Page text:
Who will get custody of the children?
In most cases, the parents will make decisions toward the best interest of the children when considering where and when they will spend their time. If the parents cannot agree on custody, the Courts will decide for you and this may not be an ideal solution based on your family’s needs.
Please see this link for common custody schedules, or consider what will work best for your children. Some parties choose to draft their contract with great specificity and outline holiday schedules to avoid future conflict. See a list of Key Dates to consider if this option is attractive to you.
How much child support will I pay/receive?
While individuals enjoy significant autonomy to make decisions when separating, child support is determined pursuant to the Child Support Guidelines, which provide for an amount to be payable based on the number of children, province of residence, and the income or one or both parents.
For more information related to child support, please click here for more details.
Does payment under the Child Support Guidelines end all financial obligations to the children?
The Child Support Guidelines cover the necessities of life including shelter, food, clothes and such, but there are many other needs of children to ensure a happy and healthy life. Accordingly, parents must share, often evenly or in proportion to their income, special and extraordinary expenses (sometimes called section 7 expenses) that they incur on behalf of a child.
Special and extraordinary expenses include:
- child-care expenses that you may have to pay as a result of a job, an illness, a disability, or educational requirements for employment if your child spends the majority of the time with you,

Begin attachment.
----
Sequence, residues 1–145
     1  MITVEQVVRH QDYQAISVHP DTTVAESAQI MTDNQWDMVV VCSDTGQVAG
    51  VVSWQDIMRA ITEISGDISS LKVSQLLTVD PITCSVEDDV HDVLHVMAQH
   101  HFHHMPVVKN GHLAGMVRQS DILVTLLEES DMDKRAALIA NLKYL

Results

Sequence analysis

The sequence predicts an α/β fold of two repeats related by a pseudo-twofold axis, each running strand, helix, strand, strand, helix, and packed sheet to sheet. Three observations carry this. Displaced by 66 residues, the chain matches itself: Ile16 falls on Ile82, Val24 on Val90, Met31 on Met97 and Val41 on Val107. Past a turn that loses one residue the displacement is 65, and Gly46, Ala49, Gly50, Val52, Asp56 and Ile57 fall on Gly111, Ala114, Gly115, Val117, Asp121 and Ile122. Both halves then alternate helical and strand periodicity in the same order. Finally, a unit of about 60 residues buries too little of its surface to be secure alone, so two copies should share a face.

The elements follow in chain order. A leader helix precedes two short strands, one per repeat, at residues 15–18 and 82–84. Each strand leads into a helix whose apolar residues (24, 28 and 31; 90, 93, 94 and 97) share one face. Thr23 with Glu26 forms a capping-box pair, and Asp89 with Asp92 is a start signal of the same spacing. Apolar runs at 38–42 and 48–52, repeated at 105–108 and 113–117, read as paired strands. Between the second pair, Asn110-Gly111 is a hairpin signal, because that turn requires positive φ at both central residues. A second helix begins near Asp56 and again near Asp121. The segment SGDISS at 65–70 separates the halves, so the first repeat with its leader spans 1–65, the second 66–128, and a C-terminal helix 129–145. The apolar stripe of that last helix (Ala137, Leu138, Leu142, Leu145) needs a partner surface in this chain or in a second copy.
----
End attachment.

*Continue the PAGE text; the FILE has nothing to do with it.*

- the portion of your medical and dental insurance premiums that provides coverage for your child,
- your child’s healthcare needs that exceed $100 per year if the cost is not covered by insurance (for example, orthodontics, counselling, medication or eye care),
- expenses for post-secondary education (see below),
- extraordinary expenses for your child’s primary education, secondary education or any other educational programs that meet your child’s particular needs, and
- extraordinary expenses for your child’s extracurricular activities.
Is support tax deductible?
No, child support is normally not tax deductible by the payor, nor does the recipient include it as taxable income.
If one party leaves the house and children during this process, will they have to pay child support during this time?
If the children reside with a spouse the majority of the time, the party that does not have the children will be required to pay child support. If the children reside with you half of the time, you may still be required to pay child support to your spouse if your income is greater than your spouse’s income, though the amount of child support may be at a reduced level.
What about the child’s college/university costs?
In many cases (but not all), tuition and living expenses while attending post-secondary education are an extraordinary expense for which both parents are responsible. You and your former spouse should consider the financial contribution the child can make towards their university expenses (think summer job money, scholarships, bursaries, student loans like OSAP), and then divide the difference between the parents evenly or in proportion to their incomes.